NEW YORK -- Former Patriots employee Matt Walsh met with NFL commissioner Roger Goodell for more than three hours this morning, with Goodell saying that no new information was revealed regarding the Patriots' videotaping procedures.
Goodell indicated that the information Walsh provided was consistent with what the league had known, and that there was no filming of the St. Louis Rams' walkthrough prior to Super Bowl XXXVI. Goodell said that he doesn't envision any more penalties being levied against the Patriots.
Asked if the story of the Patriots' videotaping procedures is now dead, he said: "Having met with Matt Walsh and 50 other people, I don't know where else I would turn."
Pennsylvania senator Arlen Specter, one of the league's most vocal critics regarding its handling of the Patriots videotaping investigation, might have something to say about that. He met with Walsh and his lawyer, Michael Levy, for three hours today in Washington, D.C. Specter has scheduled a press conference for Wednesday at noon.
In New York, where Walsh and Goodell met at 7:30 a.m. and league officials later showed media members footage from the Patriots' tapes of opposing signals, Goodell explained Walsh's unusual presence at the Rams' walkthrough. Walsh was wearing Patriots gear at the time, which Goodell described as an indication it was not an "overt attack."
Goodell said Walsh and other members of the team's video department were setting up their operation to use the following day. Because of some late game operations changes by the NFL, members of the Patriots' video department remained at the Louisiana Superdome during the Rams' practice to finalize their setup.
One thing is certain: They weren't filming.
"We were able to verify that there was no Rams walkthrough tape. No one asked him to tape the walkthrough. He's not aware of anybody else who may have taped the walkthrough. He had not seen such a tape. He does not know of anybody who says there is a tape," Goodell said.
The news reinforced what the Patriots had said the day the Boston Herald report was published Feb. 2.
"For the past 3 1/2 months, we have been defending ourselves against assumptions made based on an unsubstantiated report rather than on facts or evidence," the team said in a written statement. "Despite our adamant denials, the report ran on February 2, 2008, the day before Super Bowl XLII. That game was the second-most watched program in television history and it is unfortunate that today's news will not also reach an audience of that size.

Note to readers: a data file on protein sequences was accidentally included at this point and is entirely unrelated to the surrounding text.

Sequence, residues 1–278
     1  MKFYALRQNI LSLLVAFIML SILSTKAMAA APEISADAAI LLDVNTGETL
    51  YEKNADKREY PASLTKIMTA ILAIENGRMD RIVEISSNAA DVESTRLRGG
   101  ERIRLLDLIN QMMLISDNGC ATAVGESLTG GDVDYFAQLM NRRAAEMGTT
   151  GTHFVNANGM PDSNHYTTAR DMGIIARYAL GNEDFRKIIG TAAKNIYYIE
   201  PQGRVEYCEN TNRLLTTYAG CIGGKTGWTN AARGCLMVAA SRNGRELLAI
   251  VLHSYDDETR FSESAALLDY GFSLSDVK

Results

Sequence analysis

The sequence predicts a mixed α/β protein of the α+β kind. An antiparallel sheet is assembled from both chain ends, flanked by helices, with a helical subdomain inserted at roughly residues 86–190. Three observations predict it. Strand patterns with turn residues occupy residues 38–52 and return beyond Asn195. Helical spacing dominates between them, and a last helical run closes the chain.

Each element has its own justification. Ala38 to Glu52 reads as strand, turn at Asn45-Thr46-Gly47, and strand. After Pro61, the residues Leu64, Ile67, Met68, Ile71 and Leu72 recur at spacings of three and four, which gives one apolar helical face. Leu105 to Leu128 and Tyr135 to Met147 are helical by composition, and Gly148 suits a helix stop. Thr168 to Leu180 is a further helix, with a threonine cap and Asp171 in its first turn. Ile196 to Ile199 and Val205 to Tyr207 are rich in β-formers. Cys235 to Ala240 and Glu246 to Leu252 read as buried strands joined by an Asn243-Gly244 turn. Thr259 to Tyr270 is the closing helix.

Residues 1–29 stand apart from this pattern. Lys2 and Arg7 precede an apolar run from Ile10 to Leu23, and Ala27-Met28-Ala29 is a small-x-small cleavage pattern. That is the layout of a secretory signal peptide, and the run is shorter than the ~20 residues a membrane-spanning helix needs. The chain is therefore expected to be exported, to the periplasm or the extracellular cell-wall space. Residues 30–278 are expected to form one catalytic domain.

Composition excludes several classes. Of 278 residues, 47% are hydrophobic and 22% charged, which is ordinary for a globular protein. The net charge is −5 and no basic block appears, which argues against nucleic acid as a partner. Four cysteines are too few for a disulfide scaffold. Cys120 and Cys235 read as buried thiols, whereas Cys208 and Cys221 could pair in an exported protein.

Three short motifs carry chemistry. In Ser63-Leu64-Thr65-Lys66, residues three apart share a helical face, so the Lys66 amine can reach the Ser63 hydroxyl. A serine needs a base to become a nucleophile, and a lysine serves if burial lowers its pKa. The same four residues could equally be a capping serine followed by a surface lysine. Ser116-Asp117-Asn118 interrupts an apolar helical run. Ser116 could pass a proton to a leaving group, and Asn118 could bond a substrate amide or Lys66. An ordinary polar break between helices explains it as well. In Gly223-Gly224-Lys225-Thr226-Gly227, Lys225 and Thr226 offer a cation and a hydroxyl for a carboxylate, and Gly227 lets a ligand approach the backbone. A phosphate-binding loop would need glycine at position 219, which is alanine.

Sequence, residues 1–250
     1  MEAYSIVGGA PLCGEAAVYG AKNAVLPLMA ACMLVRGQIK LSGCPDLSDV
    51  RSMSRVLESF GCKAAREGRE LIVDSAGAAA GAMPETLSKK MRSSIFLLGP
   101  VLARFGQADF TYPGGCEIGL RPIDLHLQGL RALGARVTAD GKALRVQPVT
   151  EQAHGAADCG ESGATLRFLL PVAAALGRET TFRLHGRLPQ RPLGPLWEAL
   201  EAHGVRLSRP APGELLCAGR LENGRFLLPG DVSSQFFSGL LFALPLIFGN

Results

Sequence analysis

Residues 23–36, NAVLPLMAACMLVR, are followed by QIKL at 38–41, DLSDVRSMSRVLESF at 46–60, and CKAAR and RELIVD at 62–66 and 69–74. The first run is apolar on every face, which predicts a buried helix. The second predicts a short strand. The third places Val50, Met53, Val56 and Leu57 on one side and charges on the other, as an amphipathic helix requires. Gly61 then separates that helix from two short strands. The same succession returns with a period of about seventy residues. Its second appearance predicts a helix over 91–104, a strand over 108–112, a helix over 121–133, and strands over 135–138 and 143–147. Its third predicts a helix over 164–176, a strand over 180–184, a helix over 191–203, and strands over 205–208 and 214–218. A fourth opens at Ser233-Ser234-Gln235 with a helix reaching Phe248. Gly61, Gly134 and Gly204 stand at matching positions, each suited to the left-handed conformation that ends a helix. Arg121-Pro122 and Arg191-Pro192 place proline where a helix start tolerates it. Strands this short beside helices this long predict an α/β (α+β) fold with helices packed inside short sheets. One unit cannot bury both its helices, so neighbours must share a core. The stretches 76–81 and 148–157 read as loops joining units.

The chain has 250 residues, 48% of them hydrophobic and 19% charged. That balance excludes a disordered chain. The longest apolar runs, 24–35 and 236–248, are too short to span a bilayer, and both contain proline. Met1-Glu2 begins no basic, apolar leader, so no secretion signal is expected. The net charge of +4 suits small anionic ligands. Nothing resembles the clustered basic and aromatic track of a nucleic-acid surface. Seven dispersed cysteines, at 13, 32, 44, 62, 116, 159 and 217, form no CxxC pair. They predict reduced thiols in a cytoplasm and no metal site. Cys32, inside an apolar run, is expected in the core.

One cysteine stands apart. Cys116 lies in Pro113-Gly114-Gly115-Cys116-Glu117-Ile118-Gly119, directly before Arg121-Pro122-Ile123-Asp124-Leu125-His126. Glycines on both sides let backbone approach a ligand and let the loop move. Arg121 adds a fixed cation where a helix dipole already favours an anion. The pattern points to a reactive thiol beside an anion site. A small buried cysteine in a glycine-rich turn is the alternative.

"We hope that with Matt Walsh's disclosures, everyone will finally believe what we have been saying all along and emphatically stated on the day of the initial report: 'The suggestion that the New England Patriots recorded the St. Louis Rams' walkthrough on the day before Super Bowl XXXVI in 2002 is absolutely false. Any suggestion to the contrary is untrue.' "
NFL outside counsel Gregg Levy acknowledged that Walsh said he spoke with former Patriots assistant coach Brian Daboll about what he saw at the walkthrough, namely that running back Marshall Faulk was lining up as a returner and how the Rams were utilizing their tight ends.
That story, however, was inconsistent with what the NFL had learned in its investigation, which included an interview with Daboll.
Walsh did reveal what Goodell described as "two new pieces of information of note" - allegations that the Patriots were inappropriately allowing a player on injured reserve to practice in the 2001 season, and that Walsh had helped players scalp around 8-12 of their Super Bowl tickets.
Goodell said the league is looking into those allegations, as Walsh provided the name of the player on injured reserve who was alleged to be practicing. Goodell said that if the story is verified, he will include the penalty as part of what the Patriots were fined for in September ($500,000 for coach Bill Belichick, $250,000 for the team).
Part of the tapes shown to the media today included images of opposing coaches giving signs to players before the camera showed the ensuing play. Shots of the scoreboard were also part of the taping procedure, to indicate how much time was left on the clock and what the down-and-distance was on the play.
There were more than just signals on the tapes. In showing parts of the Sept. 29, 2002, tape of San Diego Chargers coaches, up-close shots of cheerleaders were also included. Walsh was not the camera operator of that tape, as he was no longer working in the video department.
The Globe's Christopher L. Gasper contributed to this report from Washington.